Joab was punctual to his appointment. An hour after dark the clatter
of horses' hoofs was heard on the lonely hill-path which led to the
house of Hadassah. Anna cautiously unclosed the door, peering forth
anxiously to see whether those who came were friends or foes.

"It is my Lord Lycidas!" she joyfully exclaimed, as the horseman who
rode in front drew his rein at the door.

The Athenian found Zarah and her attendant ready to start, and in a few
minutes the two were seated in the horse-litter conducted by Joab, the
crimson curtains were drawn, and the travellers departed from the
lonely habitation upon their perilous journey.

The weather at this advanced season was cold, almost frosty, at night;
but Lycidas was glad of the cessation of the heavy rains which had, as
usual, heralded the approach of winter. The night was cloudless and
clear, the azure vault was spangled with stars.

After some windings amongst the hills, the party entered the long
valley of Rephaim, rich with corn-fields, vineyards, and orchards. The
corn had long since been garnered, the grapes had been gathered, but
the fig-trees were still laden with fruit. Zarah noticed little of the
scenery around her, though brilliant star-light rendered it faintly
visible. The rough motion of the litter over rocky roads precluded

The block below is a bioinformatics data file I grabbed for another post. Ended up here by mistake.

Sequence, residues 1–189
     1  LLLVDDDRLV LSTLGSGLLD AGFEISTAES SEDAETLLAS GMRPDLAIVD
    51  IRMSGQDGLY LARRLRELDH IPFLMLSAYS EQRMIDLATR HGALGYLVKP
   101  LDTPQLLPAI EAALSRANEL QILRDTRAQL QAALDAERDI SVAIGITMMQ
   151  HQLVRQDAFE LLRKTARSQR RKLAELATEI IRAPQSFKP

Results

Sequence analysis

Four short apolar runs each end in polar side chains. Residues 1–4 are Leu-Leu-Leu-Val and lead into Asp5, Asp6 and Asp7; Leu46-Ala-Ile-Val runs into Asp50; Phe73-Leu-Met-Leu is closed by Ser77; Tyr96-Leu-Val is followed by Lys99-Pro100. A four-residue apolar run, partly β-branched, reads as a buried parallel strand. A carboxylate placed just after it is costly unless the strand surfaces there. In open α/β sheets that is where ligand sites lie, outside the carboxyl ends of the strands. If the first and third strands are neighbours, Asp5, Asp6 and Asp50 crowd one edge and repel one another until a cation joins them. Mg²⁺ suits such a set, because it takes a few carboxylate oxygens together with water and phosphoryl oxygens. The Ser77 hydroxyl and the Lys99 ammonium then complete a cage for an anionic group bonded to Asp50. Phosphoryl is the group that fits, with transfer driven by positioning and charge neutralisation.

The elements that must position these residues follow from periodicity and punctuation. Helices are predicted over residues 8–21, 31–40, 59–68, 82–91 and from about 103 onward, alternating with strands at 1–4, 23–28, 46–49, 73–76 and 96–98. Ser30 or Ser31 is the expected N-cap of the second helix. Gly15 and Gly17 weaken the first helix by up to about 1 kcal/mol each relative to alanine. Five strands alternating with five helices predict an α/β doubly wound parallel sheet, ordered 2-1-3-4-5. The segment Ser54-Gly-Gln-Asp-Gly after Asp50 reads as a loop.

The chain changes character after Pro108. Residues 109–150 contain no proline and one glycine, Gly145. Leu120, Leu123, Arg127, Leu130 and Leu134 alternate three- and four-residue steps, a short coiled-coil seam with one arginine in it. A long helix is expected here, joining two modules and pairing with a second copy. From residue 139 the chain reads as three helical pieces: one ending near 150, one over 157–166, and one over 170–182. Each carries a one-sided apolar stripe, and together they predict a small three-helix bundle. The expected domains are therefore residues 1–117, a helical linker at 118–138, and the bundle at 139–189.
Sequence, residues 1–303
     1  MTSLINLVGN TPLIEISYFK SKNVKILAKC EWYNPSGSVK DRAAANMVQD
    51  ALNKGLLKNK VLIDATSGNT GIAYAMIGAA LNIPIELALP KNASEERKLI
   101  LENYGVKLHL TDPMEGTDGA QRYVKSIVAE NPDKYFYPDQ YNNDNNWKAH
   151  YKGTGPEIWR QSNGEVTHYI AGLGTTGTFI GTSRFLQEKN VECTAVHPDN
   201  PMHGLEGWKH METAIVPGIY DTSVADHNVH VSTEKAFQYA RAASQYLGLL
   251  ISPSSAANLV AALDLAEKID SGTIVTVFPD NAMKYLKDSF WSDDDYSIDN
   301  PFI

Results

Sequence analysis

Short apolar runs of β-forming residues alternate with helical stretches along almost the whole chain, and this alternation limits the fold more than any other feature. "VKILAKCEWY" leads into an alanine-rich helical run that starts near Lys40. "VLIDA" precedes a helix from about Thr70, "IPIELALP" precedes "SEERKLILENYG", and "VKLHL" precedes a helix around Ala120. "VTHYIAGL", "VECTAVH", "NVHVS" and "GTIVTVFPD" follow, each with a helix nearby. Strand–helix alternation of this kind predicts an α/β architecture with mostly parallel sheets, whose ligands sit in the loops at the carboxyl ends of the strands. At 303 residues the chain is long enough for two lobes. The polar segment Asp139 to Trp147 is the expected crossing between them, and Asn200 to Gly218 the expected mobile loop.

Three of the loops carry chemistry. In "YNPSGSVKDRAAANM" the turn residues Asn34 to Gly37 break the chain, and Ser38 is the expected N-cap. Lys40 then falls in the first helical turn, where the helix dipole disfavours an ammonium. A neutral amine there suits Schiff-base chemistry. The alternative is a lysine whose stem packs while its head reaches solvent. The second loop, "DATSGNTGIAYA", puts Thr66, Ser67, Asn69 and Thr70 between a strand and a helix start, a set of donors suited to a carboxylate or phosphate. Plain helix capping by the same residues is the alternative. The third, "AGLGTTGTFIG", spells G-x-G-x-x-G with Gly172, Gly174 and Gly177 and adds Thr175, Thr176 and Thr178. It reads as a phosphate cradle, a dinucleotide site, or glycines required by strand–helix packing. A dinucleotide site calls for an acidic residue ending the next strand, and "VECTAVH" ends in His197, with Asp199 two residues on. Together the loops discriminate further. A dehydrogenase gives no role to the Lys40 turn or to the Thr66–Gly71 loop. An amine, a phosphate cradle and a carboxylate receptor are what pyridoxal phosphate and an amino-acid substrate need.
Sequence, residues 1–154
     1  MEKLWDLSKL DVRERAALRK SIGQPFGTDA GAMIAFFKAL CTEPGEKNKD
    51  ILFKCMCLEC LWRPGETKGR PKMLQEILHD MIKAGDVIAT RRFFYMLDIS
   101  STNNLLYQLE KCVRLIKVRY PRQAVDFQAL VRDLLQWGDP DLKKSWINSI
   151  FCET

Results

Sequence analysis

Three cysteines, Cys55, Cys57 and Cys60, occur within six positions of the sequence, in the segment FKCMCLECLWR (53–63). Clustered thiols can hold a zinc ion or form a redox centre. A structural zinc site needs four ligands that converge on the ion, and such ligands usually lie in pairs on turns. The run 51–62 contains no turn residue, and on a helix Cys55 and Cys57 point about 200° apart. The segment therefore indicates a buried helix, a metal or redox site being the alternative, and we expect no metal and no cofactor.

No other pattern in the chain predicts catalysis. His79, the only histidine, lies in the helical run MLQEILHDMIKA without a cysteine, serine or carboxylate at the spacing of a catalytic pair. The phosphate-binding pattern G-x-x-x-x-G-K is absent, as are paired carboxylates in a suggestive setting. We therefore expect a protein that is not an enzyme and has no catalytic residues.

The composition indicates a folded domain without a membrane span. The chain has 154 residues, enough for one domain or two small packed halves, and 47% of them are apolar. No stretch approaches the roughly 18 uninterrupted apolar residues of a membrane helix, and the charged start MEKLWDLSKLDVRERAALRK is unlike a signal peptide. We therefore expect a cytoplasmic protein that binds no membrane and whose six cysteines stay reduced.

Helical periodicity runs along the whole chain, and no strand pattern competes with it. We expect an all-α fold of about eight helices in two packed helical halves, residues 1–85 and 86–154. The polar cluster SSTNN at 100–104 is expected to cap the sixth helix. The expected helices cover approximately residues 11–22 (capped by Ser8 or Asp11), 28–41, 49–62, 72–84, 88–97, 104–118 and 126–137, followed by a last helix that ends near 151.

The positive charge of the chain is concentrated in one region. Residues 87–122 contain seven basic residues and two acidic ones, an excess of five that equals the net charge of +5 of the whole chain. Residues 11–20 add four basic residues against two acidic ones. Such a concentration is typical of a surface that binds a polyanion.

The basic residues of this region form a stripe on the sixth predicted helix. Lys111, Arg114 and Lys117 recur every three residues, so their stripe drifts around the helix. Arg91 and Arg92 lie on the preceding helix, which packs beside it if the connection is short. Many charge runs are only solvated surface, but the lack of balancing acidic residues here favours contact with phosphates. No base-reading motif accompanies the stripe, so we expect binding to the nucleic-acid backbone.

conversation, even had Zarah been disposed to enter into it with her
attendant. The rocking of the litter rather invited sleep, and after
the maiden had been for about an hour and a half slowly pursuing her
journey, drowsiness was stealing over her, when she was startled by a
sudden shock, which, though not violent, was sufficient somewhat to
alarm, and thoroughly to arouse her.

"Has anything happened?" asked the maiden, partly drawing back one of
the crimson curtains of her litter. Lycidas had dismounted, and was at
her side in a moment.

"It is a trifling matter," he said; "be not alarmed, dear lady. One of
the thongs has given way; Joab will speedily set all to rights; I only
regret the delay."

"Where are we now?" asked Zarah.

"Close to the village of Bethlehem," was the Athenian's reply.

"Ah! I must look upon Bethlehem again!" cried Zarah with emotion,
drawing the curtain further back, so as to obtain a wider view of the
dim landscape of swelling hills and soft pastures. "My loved mother
Hadassah was wont to bring me every year to this place; she called its
stones the Memorial of the Past, and the Cradle of the Future."

"I know that Bethlehem is a place of great historical interest,"
observed Lycidas, glancing around; "it was here that David, the
anointed shepherd, watched his flock, and encountered the lion and the
bear. And it was here that the gentle Ruth gleaned barley amongst the
reapers of Boaz." The young Greek was well pleased to show his
recently-acquired knowledge of sacred story.

"Yes; my mother was wont to point out to me the very spots where events
took place which must ever render them dear to the Hebrews," observed
Zarah. "But Hadassah always said that the chief interest of Bethlehem
lies in the future rather than in the past. It is here," Zarah
reverentially lowered her voice as she went on--"it is here that
Messiah the Prince shall be born, as has been revealed to us by a